Toxicity LD50: 3.5 g/kg (Oral, Rat) (L324) LD50: 77.4 g/kg (Dermal, Rabbit)(L324) LC50: 17.2 g/m3 (4000 ppm) (Inhalation, Rat) (L324)
Lethal Dose
Carcinogenicity 2B, possibly carcinogenic to humans. (L135)
Uses/Sources Ethylbenzene is used in the petrochemical industry as an intermediate in the production of styrene, which in turn is used for making polystyrene, a commonly used plastic material. Exposure may occur from breathing contaminated air, drinking or eating food prepared with ethylbenzene-contaminated water, and through skin contact with products containing ethylbenzene, such as gasoline. (L311)
Minimum Risk Level Acute Inhalation: 10 ppm (L134) Intermediate Inhalation: 0.7 ppm (L134) Chronic Inhalation: 0.3 ppm (L134) Intermediate Oral: 0.5 mg/kg/day (L134)
Health Effects Chronic exposure to etylbenzene can lead to an increase in the mean number of lymphocytes and a decrease in hemoglobin levels. Acute duration and intermediate duration studies suggest that the auditory system is a sensitive target of ethylbenzene toxicity. Exposure ethylbenzene can lead to functional and organic disturbances (nervous system disturbances, toxic hepatitis and upper respiratory tract complaints). Metabolites of ethylbenzene have been shown to produce oxidative damage to DNA. (L311, T52)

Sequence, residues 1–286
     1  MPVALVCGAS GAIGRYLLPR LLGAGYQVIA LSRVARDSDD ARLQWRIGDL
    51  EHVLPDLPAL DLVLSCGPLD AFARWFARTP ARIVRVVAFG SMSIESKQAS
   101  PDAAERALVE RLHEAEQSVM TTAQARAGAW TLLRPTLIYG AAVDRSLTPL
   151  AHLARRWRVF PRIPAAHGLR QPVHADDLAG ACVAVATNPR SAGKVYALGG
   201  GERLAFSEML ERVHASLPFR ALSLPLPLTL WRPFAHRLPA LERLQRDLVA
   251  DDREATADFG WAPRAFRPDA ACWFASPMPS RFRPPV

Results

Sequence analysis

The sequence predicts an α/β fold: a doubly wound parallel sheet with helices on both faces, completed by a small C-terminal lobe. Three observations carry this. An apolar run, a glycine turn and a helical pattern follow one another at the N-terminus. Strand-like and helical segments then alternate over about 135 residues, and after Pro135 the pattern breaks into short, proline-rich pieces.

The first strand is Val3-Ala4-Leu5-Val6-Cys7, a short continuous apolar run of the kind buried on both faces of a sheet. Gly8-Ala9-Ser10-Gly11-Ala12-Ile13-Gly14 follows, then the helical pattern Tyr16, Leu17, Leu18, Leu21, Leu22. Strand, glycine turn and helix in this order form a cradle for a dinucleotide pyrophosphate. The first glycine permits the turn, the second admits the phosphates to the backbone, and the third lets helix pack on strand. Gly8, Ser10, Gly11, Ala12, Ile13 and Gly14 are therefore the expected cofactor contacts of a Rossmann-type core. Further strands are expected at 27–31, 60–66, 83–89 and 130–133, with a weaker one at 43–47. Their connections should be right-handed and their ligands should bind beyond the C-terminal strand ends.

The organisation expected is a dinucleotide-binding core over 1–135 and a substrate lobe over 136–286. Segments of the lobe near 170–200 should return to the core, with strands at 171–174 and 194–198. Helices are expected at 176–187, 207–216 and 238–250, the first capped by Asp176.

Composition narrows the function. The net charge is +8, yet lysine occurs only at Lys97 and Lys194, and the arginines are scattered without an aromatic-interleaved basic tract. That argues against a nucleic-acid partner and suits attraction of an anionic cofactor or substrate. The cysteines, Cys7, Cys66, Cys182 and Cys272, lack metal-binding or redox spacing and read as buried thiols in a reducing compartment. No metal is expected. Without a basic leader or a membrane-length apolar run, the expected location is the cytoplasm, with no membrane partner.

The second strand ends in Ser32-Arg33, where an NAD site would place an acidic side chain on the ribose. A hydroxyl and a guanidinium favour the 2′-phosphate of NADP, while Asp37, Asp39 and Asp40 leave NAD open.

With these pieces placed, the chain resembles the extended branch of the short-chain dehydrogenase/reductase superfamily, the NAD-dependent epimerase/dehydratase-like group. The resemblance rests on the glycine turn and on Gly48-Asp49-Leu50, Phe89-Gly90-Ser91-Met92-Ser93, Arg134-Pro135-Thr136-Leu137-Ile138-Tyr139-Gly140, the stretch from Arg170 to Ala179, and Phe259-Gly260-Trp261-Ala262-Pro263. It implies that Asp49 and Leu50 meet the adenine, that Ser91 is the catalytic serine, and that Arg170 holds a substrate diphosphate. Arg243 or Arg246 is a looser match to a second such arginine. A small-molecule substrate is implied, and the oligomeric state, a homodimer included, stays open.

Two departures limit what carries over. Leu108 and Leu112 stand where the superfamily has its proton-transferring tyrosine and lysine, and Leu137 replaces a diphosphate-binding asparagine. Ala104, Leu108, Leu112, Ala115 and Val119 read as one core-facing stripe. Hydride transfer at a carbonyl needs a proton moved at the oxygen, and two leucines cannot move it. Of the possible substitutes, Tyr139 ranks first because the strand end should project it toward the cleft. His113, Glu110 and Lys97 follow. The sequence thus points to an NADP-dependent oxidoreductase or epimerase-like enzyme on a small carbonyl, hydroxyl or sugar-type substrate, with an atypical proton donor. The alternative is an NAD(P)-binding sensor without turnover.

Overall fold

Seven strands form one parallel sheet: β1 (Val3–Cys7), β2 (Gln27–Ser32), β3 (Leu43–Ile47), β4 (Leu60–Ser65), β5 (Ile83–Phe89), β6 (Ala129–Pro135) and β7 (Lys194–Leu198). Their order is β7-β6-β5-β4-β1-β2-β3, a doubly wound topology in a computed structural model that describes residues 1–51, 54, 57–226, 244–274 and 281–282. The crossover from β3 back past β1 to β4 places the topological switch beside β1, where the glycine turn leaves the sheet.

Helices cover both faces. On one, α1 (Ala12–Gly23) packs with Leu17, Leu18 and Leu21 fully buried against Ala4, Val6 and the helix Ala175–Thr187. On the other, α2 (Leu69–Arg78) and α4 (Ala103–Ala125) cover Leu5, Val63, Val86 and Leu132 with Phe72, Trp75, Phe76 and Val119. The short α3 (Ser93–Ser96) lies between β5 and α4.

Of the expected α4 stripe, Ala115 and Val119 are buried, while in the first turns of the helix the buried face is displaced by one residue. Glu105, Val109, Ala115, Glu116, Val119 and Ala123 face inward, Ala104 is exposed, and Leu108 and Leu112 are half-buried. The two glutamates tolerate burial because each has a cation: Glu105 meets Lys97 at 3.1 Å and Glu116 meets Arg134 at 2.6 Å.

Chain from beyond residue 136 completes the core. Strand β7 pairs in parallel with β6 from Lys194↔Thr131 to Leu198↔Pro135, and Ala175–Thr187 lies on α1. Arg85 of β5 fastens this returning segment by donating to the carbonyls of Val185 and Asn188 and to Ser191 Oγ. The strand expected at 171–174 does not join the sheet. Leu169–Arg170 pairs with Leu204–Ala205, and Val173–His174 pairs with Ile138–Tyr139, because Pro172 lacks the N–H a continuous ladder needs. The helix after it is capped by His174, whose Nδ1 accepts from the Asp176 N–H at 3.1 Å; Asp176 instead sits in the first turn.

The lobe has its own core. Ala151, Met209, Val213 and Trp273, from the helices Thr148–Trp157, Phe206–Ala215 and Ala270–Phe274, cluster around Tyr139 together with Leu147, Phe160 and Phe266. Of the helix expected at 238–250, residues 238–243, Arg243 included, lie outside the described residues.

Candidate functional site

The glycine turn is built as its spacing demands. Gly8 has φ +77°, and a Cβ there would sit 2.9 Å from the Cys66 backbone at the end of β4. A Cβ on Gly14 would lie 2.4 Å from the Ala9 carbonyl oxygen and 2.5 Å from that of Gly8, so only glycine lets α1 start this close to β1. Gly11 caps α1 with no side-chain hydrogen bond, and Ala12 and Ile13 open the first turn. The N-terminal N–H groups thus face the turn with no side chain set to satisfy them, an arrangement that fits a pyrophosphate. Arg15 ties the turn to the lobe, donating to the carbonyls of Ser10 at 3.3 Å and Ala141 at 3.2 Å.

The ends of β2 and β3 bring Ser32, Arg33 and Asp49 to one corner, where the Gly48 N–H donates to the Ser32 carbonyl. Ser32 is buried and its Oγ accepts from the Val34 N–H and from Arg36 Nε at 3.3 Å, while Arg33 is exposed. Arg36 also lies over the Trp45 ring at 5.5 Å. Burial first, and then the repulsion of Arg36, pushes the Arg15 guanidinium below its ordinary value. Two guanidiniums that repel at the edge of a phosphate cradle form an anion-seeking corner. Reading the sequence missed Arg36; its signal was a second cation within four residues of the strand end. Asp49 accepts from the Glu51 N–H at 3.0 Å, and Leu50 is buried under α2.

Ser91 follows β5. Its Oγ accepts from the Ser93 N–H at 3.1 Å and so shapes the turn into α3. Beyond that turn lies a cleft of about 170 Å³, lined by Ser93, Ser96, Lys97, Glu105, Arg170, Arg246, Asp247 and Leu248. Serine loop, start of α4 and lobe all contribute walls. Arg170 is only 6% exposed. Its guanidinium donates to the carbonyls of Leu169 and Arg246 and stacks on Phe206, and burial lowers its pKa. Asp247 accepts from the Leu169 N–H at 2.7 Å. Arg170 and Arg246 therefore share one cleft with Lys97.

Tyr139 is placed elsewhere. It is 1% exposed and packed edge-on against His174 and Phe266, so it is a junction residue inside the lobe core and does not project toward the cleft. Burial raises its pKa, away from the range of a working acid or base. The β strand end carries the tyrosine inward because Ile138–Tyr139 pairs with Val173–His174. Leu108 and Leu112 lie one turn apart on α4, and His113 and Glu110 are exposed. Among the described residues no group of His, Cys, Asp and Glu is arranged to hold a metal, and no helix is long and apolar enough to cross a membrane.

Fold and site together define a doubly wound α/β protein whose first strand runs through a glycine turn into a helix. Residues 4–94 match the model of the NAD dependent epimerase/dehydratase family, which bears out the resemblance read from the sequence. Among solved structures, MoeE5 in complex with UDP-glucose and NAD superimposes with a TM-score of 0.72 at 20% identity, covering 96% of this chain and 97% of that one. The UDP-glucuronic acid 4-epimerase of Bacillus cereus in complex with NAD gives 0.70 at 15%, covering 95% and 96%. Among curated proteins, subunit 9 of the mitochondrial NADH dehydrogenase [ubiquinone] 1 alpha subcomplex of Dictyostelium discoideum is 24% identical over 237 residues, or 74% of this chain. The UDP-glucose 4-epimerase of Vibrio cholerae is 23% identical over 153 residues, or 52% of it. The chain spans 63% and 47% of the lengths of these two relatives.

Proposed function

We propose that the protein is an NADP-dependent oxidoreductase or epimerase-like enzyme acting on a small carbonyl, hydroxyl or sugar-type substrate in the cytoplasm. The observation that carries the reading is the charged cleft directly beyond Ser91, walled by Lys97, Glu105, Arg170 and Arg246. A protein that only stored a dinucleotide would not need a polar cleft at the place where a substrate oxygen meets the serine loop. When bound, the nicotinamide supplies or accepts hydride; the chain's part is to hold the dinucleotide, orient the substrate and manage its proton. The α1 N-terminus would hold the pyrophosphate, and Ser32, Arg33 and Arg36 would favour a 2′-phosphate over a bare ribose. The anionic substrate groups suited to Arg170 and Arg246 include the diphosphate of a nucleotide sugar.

Symptoms Cough, sore throat, dizziness, drowsiness, and headache follow inhalation or ingestion exposure to ethylbenzene. Ingestion exposure can also lead to burning sensation in the throat and chest. Skin or eyes contact to ethylbenzene can lead to redness and pain of the exposed surface. (L316)
Treatment Following oral exposure, a gastric lavage is recommended. Protect airway by placement in Trendelenburg and left lateral decubitus position or by endotracheal intubation. Control any seizures first. Following inhalation, move patient to fresh air. Monitor for respiratory distress. If cough or difficulty breathing develops, evaluate for respiratory tract irritation, bronchitis, or pneumonitis. Administer oxygen and assist ventilation as required. Following eye exposure, irrigate exposed eyes with copious amounts of room temperature water for at least 15 minutes. In case of dermal exposure, remove contaminated clothing and wash exposed area thoroughly with soap and water. Treat dermal irritation or burns with standard topical therapy. Patients developing dermal hypersensitivity reactions may require treatment with systemic or topical corticosteroids or antihistamines. Some chemicals can produce systemic poisoning by absorption through intact skin. Carefully observe patients with dermal exposure for the development of any systemic signs or symptoms and administer symptomatic treatment as necessary. (T36)
DrugBank ID DB01722
PubChem Compound ID 7500
ChemSpider ID 7219
KEGG Compound ID C07111
UniProt ID 0
ChEBI ID 16101
BioCyc ID CPD-9502
CTD ID C004912
Stitch ID Ethylbenzene
ACToR ID 606
Wikipedia Link http://en.wikipedia.org/wiki/Ethylbenzene
Creation Date 2009-03-06 18:58:04
Update Date 2014-12-24 20:21:06